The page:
One advantage of transmitting the initialization signals over a broad portion of the available spectrum is that delays may vary to some extend depending upon the frequency at which the signal is transmitted. Therefore, when the initialization signals are transmitted over a variety of the sub-channels 23 the required phase shift can be calculated based on an average of the individual delays.
The length of the S2 time interval, as discussed earlier, is dependent upon the physical nature of the communications network. In a preferred embodiment the S2 time interval need only be longer than the duration of the initialization signal plus the difference between the maximum and minimum round-trip delays for the network. By way of example, in a typical system employing a fiber optic trunk as the transmission line 17 and coaxial cables as the feeds 18, the fiber trunk is common to all paths between central and remote units, and the difference between the maximum and minimum round-trip delays for the network depends only on the cable part of the network. Using the length of 2 miles for the coaxial line and given its propagation time of approximately 7.5 microseconds per mile, the maximum and minimum round-trip delays would be approximately 32 and 2 microseconds. In a preferred embodiment a symbol is approximately 30 microseconds long, and an initialization signal would comprise two symbols, so that, by way of example, an S2 time interval of 4 symbols would be appropriate.
In certain embodiments, it may be desirable to repeat steps 304-310 to validate the information received and/or ensure that the remote is properly synchronized.
After synchronization has been accomplished, the first remote unit responds by sending a set of synchronized wide band training signals over all the sub-channels 23 during the next available S2 or S3 time interval in step 312. The specifics of the training step will be described in more detail below with reference to FIG. 9. In some embodiments, the central unit 10 will direct the first remote unit to use a specified S3 time interval (e.g., wait for the third S3). Upon receipt of the training signals, the central unit 10 determines the capacities of the various sub-channels 23 to handle transmission between the first remote unit and the central unit 10 (step 314). The central unit 10 preferably has a prior knowledge of the contents of the training signals. This allows the central unit 10 to learn the optimal equalization of the sub-channels 23 and also the maximum bit rates a sub-carrier 27 can carry on the sub-channels 23 between the first remote unit and the central unit 10. The central unit 10 saves the channel characteristics of the sub-channels 23 with respect to the first remote unit 316. In a preferred embodiment the central unit 10 saves the information in a bits/carrier matrix that contains an indication of the number of bits that each of the sub-channels 23 can carry from each of the remote units. Such a matrix allows the central unit 10 to keep track of the capacity of each of the various sub-channels 23 and is available when allocating bandwidth to the remote units. This also facilitates the dynamic allocation of sub-channels based upon the current characteristics of the transmission environment.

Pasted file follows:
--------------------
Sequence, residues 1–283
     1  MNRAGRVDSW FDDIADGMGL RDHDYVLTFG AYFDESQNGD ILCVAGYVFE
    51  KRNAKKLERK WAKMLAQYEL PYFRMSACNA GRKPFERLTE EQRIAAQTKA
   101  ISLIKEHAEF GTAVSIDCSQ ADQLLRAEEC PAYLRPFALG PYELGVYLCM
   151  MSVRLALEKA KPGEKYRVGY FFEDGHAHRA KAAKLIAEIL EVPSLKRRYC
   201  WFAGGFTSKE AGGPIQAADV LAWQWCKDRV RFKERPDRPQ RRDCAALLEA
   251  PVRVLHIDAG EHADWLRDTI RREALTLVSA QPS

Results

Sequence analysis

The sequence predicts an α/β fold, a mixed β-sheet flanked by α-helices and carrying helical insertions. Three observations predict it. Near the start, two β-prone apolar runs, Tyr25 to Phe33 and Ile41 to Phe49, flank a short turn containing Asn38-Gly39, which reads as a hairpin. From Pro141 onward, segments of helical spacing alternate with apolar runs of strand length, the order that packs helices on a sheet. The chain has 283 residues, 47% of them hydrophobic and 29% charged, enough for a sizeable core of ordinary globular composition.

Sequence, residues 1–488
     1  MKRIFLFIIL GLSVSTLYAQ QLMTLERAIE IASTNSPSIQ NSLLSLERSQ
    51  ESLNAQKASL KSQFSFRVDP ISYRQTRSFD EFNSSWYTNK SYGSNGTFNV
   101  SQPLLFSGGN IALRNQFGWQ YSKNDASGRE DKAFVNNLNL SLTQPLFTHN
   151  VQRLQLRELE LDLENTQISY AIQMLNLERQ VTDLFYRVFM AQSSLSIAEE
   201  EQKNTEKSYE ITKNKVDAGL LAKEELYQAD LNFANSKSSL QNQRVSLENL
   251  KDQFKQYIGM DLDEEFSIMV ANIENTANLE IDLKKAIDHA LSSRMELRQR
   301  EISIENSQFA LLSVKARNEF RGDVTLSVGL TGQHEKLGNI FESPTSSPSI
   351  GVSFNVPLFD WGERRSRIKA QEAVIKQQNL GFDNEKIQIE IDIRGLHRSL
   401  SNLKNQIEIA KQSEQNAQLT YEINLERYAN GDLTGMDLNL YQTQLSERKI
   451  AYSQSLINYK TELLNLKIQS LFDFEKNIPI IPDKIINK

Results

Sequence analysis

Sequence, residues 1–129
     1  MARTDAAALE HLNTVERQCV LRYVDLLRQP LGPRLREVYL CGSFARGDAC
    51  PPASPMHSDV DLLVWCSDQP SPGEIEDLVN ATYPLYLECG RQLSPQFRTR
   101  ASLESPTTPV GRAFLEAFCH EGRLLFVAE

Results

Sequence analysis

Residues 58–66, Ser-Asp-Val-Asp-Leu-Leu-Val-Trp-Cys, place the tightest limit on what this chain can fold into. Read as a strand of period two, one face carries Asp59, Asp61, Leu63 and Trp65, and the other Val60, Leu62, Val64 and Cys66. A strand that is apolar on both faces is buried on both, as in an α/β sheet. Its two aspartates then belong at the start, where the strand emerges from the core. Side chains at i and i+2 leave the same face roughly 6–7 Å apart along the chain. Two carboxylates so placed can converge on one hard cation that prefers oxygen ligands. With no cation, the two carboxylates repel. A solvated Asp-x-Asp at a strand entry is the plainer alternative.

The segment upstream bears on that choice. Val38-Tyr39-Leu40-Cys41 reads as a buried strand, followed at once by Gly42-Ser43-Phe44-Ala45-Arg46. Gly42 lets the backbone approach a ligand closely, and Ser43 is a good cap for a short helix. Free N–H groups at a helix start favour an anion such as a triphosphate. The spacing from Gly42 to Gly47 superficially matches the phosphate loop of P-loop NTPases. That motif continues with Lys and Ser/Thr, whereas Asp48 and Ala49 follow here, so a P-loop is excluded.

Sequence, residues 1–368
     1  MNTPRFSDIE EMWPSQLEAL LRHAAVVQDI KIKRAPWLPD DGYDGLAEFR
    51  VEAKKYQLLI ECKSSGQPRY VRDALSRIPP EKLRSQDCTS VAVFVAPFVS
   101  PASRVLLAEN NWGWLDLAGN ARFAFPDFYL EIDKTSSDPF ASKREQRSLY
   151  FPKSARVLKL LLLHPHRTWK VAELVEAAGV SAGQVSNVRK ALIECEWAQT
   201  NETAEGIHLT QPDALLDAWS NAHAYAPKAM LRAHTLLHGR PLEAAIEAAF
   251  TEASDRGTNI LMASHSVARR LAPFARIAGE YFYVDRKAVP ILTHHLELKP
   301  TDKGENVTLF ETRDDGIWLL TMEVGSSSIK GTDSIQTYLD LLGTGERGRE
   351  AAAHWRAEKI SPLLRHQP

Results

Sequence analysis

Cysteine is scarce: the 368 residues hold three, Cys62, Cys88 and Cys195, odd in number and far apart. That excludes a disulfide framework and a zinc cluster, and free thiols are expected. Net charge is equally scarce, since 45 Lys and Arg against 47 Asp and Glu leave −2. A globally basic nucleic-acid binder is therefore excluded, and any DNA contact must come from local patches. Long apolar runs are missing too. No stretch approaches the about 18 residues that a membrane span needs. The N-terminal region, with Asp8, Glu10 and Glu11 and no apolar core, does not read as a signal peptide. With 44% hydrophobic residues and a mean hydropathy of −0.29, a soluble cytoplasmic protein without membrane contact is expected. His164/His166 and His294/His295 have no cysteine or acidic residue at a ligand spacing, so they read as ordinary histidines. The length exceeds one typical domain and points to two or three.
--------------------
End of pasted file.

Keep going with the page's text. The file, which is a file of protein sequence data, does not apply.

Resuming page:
Referring next to
In the described embodiment, the central unit 10 initiates a retraining event in step 330 by transmitting a retraining command to a first remote unit (remote unit x) that is in current communication with the central unit 10. The first remote unit waits for the next available S3 retraining quiet time interval to transmit a set of training signals over the available sub-channels 23. (Step 332). In an alternative embodiment, the central unit 10 may assign a specific S3 quiet interval to use for transmitting the training signals, instead of the next available S3 time interval. The set of training signals will typically be limited to the sub-channels allocated to the group and will typically be further limited to some subset of the total available group sub-channels to provide a cost effective design. Therefore, the number of training signals that are actually used may be widely varied in accordance with the needs of a particular system. As in the initialization process, the central unit 10 analyzes the signals it receives and updates the bit/carrier rates in the channel characteristics matrix that correspond to the associated remote unit. (Step 334). The central unit 10 then determines whether a change in the sub-channel allocation is necessary for the remote unit. That is, it may determine whether additional or fewer sub-channels 23 should be allocated to the first remote unit in order to meet the first remote unit's throughput and error probability requirements. If a change is necessary, then the central unit 10 re-allocates sub-channels 23 to the first remote unit in step 338.